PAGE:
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Leaked Police information

Six people, two businesses charged after police probe

Saskatoon Police crest

A former member of the Saskatoon Police Service and a former employee of the RCMP are among six people and two businesses charged in a long-running investigation into access to restricted police databases.

The charges arose out of a 3½-year joint investigation conducted by the RCMP, the Saskatoon Police Service and the Regina Police Service.

Police will not identify those charged until they have made their first court appearances on May 2.

Three people and one company will appear in Saskatoon provincial court, two people and one company will appear in Regina provincial court and one person will appear in Fort Qu'Appelle.

RCMP spokesperson Cpl. Brian Jones said the charges, which were laid under a law regarding unauthorized use of a computer, allege police-controlled databanks were illegally accessed.

The criminal investigation is ongoing, said acting deputy chief Gary Broste, of the Saskatoon police.

"There's a possibility of other charges forthcoming. . . . There may be other persons charged," Broste said.

One of those charged was an active member of the Saskatoon police at the time of the alleged offence, Broste said. That person is no longer employed by the force.

Broste said the person was not fired or did not ask to resign as a result of the investigation, but he would not say if the accused has retired because he didn't want to reveal the person's identity nor jeopardize the investigation.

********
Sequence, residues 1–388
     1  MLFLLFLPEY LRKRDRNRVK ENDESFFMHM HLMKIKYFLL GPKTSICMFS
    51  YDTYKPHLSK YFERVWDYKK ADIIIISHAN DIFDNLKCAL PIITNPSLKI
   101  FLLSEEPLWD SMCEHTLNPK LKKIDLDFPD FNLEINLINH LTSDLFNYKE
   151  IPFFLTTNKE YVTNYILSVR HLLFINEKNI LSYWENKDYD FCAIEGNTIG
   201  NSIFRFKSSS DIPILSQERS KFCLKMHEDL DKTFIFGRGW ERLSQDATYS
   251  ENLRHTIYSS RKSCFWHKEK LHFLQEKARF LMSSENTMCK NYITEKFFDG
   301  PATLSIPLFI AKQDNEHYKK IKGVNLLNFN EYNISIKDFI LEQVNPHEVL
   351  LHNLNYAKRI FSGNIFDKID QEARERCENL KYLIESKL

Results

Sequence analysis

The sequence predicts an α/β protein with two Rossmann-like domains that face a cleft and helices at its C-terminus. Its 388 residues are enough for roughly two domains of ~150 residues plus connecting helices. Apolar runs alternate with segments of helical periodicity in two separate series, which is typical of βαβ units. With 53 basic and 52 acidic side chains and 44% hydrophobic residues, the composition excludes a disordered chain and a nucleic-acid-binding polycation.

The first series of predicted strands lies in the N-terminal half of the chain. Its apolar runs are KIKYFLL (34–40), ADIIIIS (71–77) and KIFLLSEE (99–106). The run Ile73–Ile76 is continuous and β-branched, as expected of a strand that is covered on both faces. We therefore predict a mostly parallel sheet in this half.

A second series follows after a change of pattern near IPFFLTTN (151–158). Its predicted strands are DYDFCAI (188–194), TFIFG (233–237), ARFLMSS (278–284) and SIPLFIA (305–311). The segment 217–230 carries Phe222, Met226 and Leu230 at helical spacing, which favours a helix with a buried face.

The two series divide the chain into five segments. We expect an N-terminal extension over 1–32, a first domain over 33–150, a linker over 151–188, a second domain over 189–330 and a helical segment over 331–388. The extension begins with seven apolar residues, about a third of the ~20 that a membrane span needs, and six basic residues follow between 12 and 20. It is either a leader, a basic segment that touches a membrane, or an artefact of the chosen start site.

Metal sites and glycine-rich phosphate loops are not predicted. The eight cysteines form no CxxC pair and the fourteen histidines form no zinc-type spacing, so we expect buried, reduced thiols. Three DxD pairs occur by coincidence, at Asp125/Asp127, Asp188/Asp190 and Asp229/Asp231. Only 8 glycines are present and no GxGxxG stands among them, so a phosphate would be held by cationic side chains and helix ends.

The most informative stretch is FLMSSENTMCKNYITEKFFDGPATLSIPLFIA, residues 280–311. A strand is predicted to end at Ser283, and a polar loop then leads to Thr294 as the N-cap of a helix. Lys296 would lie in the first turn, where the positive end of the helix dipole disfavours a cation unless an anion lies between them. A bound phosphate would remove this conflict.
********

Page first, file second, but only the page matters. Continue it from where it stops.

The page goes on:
The former RCMP employee was not identified as a regular uniformed officer. Jones said the employee could have been a uniformed officer or a civilian member, such as a dispatcher or forensics expert, or a public-service employee, such as a secretary.

The accused was asked to resign, Jones said.

One other RCMP employee who was being investigated was also asked to resign and two others have been disciplined, Jones said. None of those three have been charged, he said.

RCMP, which led the investigation, would not draw a link to a long-running joint probe into the unauthorized release of confidential information from government departments and police agencies to private investigators. But the Regina Leader-Post has learned the charges stem from that investigation into two private detective firms.

On May 2, 2002, RCMP executed search warrants at Robinson Investigations, located in Regina, and Robinson Investigations Ltd., located in Saskatoon, and seized thousands of documents stored in 83 bankers boxes. According to court documents, the firms are separate entities and operate independently. Both are headed by former veteran RCMP members. The firms did not respond Tuesday to interview requests.

Jones said the length of the investigation wasn't unusual. "We want to make sure that we're doing it right. There was a large number of documents that had to be reviewed. There were some questions raised in court about documents. And as some of those other issues resolved itself, that added to the length of time of the investigation," he said.

In the aftermath of the searches at Robinson Investigations' offices, several law firms, who were clients of the companies, claimed the seized documents were subject to solicitor-client privilege. On July 4, 2002, a judge in Regina ordered all the files be turned over to a court officials pending a determination of the issue. Since then several applications have been heard by the courts, and some documents have been released over time to the RCMP.

Earlier this month, further details emerged during an arbitration board hearing in Regina. It was examining the resignation of an officer who was originally one of four Regina officers under investigation as part of the probe. They've since been cleared of criminal wrongdoing.